Sustaining Tradition: Pottery and Reed Crafts in Modern Homes

For thousands of years, clay utensils for cooking and storing food have been an integral part of households in Sumer, the earliest known civilisation in what is now southern Iraq. Pottery holds a profound significance in Iraqi culture, where ancient civilisations relied on clay for constructing homes, crafting cooking tools, and even making ovens. The invention of cuneiform, one of the earliest writing systems by the Sumerians, further underscored the importance of clay, as it was inscribed onto clay tablets. However, with the influx of modern products in today’s market, the demand for clay handmade items has diminished. 

Decorated soft pink piece of handmade pottery.

In the workshop, shelves hold a range of pottery, creating a captivating tableau. Some are plain, keeping their original rusty orange colour and others are painted in vibrant shades like deep blue or soft pink. A few tell their own story through the addition of unique patterns and intricate details. In this diverse collection, they come in various sizes and shapes, from large pots to small teacups. The play of light reveals a spectrum of finishes; some are shiny and glossy, while others have an earthy matte finish.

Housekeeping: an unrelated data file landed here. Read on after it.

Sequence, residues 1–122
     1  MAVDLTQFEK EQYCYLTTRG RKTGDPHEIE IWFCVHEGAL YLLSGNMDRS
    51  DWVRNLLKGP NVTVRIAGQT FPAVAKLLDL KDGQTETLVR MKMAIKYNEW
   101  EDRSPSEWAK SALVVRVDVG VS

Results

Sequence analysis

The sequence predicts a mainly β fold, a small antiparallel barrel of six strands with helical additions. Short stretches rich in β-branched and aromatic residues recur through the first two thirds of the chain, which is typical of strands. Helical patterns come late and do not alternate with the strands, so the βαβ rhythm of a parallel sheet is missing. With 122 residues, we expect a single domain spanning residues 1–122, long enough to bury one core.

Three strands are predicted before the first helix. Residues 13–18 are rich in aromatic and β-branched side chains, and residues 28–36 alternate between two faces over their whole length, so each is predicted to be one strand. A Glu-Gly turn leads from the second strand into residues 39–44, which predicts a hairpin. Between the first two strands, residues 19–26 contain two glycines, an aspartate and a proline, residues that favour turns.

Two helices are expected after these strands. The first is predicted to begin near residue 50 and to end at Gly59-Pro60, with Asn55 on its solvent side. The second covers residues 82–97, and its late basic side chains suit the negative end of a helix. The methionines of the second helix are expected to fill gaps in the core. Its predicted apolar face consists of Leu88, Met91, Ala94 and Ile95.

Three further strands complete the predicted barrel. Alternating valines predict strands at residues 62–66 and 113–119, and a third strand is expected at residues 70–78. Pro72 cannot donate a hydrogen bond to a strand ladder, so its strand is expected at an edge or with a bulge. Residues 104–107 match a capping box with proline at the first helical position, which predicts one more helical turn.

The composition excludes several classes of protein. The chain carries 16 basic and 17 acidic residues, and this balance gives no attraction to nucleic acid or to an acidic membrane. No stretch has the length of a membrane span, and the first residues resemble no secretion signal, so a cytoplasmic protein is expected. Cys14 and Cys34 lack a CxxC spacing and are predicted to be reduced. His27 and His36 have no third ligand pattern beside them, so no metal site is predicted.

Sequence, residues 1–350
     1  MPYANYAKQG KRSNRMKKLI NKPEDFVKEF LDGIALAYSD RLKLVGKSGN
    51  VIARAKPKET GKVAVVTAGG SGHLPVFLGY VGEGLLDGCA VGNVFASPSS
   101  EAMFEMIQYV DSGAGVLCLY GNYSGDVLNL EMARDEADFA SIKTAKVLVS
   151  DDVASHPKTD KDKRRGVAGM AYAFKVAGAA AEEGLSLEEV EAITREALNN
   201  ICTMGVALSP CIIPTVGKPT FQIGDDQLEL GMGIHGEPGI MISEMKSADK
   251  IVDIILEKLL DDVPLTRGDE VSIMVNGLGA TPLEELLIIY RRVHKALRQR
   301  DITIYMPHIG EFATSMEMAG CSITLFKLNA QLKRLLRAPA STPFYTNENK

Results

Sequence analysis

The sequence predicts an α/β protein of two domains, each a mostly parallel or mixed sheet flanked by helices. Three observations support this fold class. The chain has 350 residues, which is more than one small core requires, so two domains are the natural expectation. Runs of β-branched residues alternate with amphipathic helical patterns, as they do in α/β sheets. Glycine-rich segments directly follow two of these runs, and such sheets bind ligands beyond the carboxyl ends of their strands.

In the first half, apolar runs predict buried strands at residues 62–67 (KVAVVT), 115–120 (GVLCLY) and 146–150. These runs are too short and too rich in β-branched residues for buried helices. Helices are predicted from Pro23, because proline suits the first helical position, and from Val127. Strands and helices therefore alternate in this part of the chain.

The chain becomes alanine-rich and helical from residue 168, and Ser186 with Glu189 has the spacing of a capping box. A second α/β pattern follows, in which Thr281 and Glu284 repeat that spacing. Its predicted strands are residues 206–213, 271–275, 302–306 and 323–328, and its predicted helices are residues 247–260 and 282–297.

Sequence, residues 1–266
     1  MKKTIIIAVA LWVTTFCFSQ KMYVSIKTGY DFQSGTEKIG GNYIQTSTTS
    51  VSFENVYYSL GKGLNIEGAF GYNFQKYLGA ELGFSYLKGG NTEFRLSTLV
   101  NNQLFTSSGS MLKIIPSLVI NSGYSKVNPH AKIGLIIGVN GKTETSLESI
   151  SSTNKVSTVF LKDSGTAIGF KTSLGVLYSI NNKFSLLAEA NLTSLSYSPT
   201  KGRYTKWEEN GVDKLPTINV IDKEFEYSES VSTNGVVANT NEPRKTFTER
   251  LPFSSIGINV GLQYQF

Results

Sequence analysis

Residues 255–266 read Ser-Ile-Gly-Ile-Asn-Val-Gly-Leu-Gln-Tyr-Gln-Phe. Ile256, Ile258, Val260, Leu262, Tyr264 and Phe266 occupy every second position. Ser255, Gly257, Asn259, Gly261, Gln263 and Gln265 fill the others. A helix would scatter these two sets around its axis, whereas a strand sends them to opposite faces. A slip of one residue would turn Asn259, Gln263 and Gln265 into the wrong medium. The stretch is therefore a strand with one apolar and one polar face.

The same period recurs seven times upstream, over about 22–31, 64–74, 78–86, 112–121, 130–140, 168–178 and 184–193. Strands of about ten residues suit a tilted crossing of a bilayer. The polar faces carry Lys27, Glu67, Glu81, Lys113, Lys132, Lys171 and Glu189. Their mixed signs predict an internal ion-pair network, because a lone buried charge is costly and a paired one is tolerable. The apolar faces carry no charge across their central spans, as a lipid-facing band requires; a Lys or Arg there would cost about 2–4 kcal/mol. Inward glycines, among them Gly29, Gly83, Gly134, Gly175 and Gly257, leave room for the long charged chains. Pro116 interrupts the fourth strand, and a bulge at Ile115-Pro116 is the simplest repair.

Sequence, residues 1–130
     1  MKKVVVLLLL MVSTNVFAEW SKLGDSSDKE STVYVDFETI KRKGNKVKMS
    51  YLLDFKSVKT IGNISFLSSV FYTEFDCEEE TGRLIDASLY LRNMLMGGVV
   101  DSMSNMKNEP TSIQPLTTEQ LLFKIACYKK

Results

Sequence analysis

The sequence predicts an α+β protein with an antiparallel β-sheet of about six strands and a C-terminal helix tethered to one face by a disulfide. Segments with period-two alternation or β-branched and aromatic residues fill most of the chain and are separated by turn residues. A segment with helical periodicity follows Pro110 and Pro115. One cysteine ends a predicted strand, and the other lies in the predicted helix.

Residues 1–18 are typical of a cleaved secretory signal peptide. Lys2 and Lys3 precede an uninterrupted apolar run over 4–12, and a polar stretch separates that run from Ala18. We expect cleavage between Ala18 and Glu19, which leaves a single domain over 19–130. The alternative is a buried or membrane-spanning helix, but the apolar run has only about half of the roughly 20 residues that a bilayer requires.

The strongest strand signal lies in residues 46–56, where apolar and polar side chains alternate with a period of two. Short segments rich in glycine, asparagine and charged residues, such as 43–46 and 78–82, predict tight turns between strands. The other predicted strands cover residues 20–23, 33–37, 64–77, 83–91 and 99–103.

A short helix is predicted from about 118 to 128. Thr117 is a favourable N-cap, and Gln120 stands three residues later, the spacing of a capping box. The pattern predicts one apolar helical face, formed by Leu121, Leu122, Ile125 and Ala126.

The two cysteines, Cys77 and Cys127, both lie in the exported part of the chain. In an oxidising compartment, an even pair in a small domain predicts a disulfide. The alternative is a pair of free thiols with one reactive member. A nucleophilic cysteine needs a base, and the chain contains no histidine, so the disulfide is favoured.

Shelves with a range of different handmade pottery.

Alongside them are reed crafts such as baskets, bags and mats which were once everyday items in Iraqi homes, and are now treasured or replicated for their cultural significance. Similar to the pottery, some maintain their natural sandy tones, while others are interlaced with bright colours, enriching their decorative appeal. It is likely that some of these crafts are still used in Iraqi day-to-day life.

Handmade reed bags hanging outside the workshop.

Despite economic and other difficulties, Iraqi artisans persevere, passing down their skills from generation to generation. Their dedication ensures that these traditions remain vibrant, connecting modern Iraqis to their past in a tangible way. In a world dominated by mass production, these artefacts serve as enduring symbols of a culture legacy deeply rooted in Iraqi homes. 

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